Being Woman Social Stories

Life itself is a long experience of how we come into this world and make a living and then how we die. This is something each individual has to go through. The only thing that matters is the time some may have a long life while some may have a short life in this world. Now, in this life, we go through certain experience that shapes our lives and makes us a different person. Before I further go to express my feelings as a woman and experiences I have been through I would like to introduce myself.

My name is Pema Lamu Rumba, and I’m pursuing master’s degree from University of North Bengal. I have been born and brought up in Darjeeling, a hill station in India. I come from a nuclear family with my parents and my elder sister. My relatives lives nearby and thus they comprise my immediate neighbors. The locality where I reside have people belonging from various ethnic backgrounds and that gave me a chance to know about different traditions and cultures. Since childhood I have seen how women are perceived in different families. What strikes me the most is that people tend to teach girls in their families about what women have been in the past rather than what we are at the present. People still try to teach young girls how women have been subjugated throughout history and how they were given inferior position in the families. I personally think that the society should give more importance on the achievements and capabilities of women and should allow girls from young age to build up leadership skills.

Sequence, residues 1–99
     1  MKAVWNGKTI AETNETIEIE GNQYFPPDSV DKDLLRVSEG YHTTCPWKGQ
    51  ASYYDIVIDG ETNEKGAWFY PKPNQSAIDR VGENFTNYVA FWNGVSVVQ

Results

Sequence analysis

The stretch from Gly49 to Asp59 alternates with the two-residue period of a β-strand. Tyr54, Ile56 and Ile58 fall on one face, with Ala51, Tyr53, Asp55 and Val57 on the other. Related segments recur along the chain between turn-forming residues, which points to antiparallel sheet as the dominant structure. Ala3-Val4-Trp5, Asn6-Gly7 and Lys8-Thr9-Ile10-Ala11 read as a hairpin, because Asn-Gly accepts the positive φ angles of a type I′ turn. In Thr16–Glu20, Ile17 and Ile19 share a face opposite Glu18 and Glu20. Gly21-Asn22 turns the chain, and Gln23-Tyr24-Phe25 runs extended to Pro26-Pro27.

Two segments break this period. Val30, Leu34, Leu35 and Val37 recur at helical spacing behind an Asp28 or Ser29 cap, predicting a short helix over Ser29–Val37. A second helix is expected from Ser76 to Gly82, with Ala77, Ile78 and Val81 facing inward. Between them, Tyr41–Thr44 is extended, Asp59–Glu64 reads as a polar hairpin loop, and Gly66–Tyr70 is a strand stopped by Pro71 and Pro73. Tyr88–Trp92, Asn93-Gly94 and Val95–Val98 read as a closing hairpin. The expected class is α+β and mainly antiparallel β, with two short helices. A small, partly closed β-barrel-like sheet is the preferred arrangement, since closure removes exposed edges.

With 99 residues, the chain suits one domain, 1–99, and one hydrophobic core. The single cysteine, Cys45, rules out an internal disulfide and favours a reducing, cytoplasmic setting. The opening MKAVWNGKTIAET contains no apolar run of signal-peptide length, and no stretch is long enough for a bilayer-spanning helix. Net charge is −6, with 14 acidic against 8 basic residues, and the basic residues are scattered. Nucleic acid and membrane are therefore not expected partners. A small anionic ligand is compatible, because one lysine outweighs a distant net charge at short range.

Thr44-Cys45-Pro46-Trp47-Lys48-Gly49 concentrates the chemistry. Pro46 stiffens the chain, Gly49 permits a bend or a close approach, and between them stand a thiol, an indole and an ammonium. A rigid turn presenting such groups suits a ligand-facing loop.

The word ‘girl’ being tagged biologically is natural and it would be peaceful and beautiful if it was only a biological aspect. However, the tag of a girl is social more than biological and it is so burdensome that it takes most of our lives to free ourselves from that burden. The society we live in is an important part of our lives. It is not possible in any way to completely isolate oneself from the society. The customs, norms, ethics and values of society always binds us particularly girls. People tend to put restrictions on us about how we talk, or whom do we talk to, where we go and whom do we meet and what types of clothes do we wear and even how we eat. The scale of such restrictions or pressure is not uniform and it varies from culture to culture or sometimes from one family to another family.

In my experience I have seen my mother taking the major household responsibilities and she manages to take care of each of our needs. Yet I feel we as a family members fail to do the same for her. My experience as a girl is normal and ordinary if I were to compare with any other person of my age. Education is the most important thing in my life as being a student is my identity other than the fact that I am a daughter and a sister. I do have a lot of commonalities with others but there are indeed some experiences of my life till now that shaped me as a person and made me realize that I was being treated differently because I am a woman. When I recall such memories I feel more confident because I didn’t let myself down and I overcame being more empowered. I have always wanted to be a woman who doesn’t think about how things would be different if she were a man. However, certain incidents have made me question about my existence as a woman.

The most recurring thought that makes me feel that I am not a man is the fact that we don’t have a son in my immediate family. This feeling comes more from my relatives and other people around me than from within me. Most of my experiences of being treated differently are related to this thing.